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Owl Design has created a show apartment with a difference for new Shoreditch development, The Arc
Opening in 2023, The Arc in Shoreditch, a fully electric smart development by Ghelamco, has launched a unique show apartment by Owl Design, now open for viewings for prospective buyers. Subverting expectations with a combination of carefully curated accessories, a bright, distinctive aesthetic, the show apartment is underpinned by conscious luxury and uplifting design.

Going against the ‘show apartment’ norm of neutral tones and minimalist décor, Owl Design has combined bold colours with sustainably sourced fabrics, furniture and accessories, rich in texture and pattern.
Each carefully selected object and material has a story to tell, with many being recycled or handmade.

Pieces by local London makers include: oil paintings by Max Hembrow; ceramics by Henry Holland Studio, Vic Wright Studio and Quillattire; and handmade lamps by Miyelle. Similarly, much of the furniture has been bespoke refurbished and reupholstered exclusively for The Arc – with Owl Design having always been firmly ahead of the ‘upcycling’ trend which has grown exponentially in recent years.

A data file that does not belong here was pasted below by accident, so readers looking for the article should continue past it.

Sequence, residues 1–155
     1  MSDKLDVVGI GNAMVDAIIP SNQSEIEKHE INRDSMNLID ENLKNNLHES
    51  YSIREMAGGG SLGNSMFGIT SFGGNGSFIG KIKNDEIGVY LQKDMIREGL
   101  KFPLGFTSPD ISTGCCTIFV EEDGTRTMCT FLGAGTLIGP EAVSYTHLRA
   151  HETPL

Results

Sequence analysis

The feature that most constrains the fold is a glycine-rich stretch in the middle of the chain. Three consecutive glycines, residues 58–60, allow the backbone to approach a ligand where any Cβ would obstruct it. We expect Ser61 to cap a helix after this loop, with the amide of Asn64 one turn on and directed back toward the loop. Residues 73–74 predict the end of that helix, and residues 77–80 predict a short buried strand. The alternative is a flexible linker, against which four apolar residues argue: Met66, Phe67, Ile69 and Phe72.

Palette, Paints & Fabrics
The living and dining room features a unique palette, fusing rich, rust red – a direct nod to the exposed brickwork that features throughout The Arc – with pastel pink, green and blue. The layering of textures through fabric gives a depth to the room that otherwise focuses on block colours.

A simple curation of items that make a statement, such as an abstract, totem sculpture, and bold artworks by a local artist. The soft, pastel blue walls are offset by the deeper pinks and reds of the furniture. Each item has been carefully considered for its sustainability credentials, including an upcycled, vintage sideboard, spray painted in a rust shade, with a contrast gloss lilac interior. The Roly Poly Chair in ‘Flesh’, bespoke sofa and hanging pendant light have a mid-century modern feel.

Bespoke Sofa
Hand-made using unique, sustainable fabrics, and created exclusively for The Arc.
The ‘Wilson’ fabric on the backrest is made from 100% recycled plastic waste. Upholstered pill shapes graduate in size, offering a comfortable, padded front, and smooth back. The ‘Wolin’ fabric on the seat is made from 75% post-consumer recycled wool. Ball-shaped ‘Otto’ feet by Pretty Pegs are painted in a complementary shade of mint green.

Vic Wright Studio, SCP London
Ceramic artefacts from the ‘Cast Editions’ range by Vic Wright Studio add an additional layer of bold, simplicity to the décor. Using industrial materials to create delicate tactile results, Wright’s work evokes the natural world, distorted and moulded to give new context.
Metal powders and pigments are added to a base of sustainable casting cement. When dried, this results in different textures and colours, ensuring each piece is completely unique.

Henry Holland Studio
The apartment features work by Henry Holland Studio: a collection of handmade ceramic homewares by former fashion designer, Henry Holland.